Definition: A decision or event that fails completely, usually in a humiliating fashion.
Etymology: From French and Italian theater roots, meaning a complete failure in performance. Originated in 1855 with theater slang, however, by 1862, it had begun to mean any dismal failure, whether on the stage or off.
The French phrase faire fiasco (become a failure) and the Italian phrase far Fiasco (complete breakdown during a performance) reference the Latin word flasco, meaning “bottle.” The idea being suggested is the depiction of a glass bottle being accidentally dropped and bursting apart.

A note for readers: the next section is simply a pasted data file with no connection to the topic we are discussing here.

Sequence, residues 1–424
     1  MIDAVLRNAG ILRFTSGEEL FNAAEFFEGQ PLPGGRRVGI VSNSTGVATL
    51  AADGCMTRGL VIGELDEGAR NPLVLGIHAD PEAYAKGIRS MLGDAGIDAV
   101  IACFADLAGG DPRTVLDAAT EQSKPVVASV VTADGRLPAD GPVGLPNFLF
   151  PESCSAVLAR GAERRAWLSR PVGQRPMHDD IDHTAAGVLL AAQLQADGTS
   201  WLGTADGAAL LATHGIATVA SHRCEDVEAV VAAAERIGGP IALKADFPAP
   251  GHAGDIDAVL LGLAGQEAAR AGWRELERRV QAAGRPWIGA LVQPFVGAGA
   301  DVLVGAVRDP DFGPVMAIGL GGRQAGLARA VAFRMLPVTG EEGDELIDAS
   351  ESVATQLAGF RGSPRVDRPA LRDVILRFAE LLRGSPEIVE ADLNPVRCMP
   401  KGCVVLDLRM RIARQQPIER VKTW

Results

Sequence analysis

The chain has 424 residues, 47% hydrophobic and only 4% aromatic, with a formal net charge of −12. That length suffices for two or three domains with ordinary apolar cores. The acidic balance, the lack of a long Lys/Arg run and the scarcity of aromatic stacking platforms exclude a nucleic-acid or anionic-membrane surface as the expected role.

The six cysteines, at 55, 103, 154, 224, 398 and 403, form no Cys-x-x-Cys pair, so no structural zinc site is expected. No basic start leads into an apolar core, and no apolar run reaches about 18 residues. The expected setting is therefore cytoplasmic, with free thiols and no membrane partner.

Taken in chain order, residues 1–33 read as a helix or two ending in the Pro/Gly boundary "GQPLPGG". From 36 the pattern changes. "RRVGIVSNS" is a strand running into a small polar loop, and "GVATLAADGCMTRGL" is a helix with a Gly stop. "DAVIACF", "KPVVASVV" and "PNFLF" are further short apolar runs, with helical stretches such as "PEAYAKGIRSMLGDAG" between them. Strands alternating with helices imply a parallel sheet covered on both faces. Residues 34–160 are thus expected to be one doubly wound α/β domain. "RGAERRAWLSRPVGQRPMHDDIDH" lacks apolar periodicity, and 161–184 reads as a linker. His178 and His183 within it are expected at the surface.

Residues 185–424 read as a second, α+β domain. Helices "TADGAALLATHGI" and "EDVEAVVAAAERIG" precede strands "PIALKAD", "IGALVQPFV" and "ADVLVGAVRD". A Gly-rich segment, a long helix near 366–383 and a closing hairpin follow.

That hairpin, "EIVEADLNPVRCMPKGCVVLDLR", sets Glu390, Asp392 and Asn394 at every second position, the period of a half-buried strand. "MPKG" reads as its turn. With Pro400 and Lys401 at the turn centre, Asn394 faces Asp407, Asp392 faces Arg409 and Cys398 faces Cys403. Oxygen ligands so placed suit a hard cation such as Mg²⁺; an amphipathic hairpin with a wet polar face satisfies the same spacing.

Another possible origin is from the Italian phrase fare il fiasco, which means “playing a game wherein the loser must pay the fiasco.” This would literally mean that the loser of the game would have to buy a bottle of wine, which would carry the connotation of a fiasco being a costly mistake.
In a Sentence
The hasty decision to withdraw troops from Afghanistan turned out to be a fiasco.
Jimmy dropped the wedding cake right in the bride’s lap; what a fiasco! This meeting is a complete fiasco. The presentation didn’t work, the meeting room was double-booked, and even lunch was late.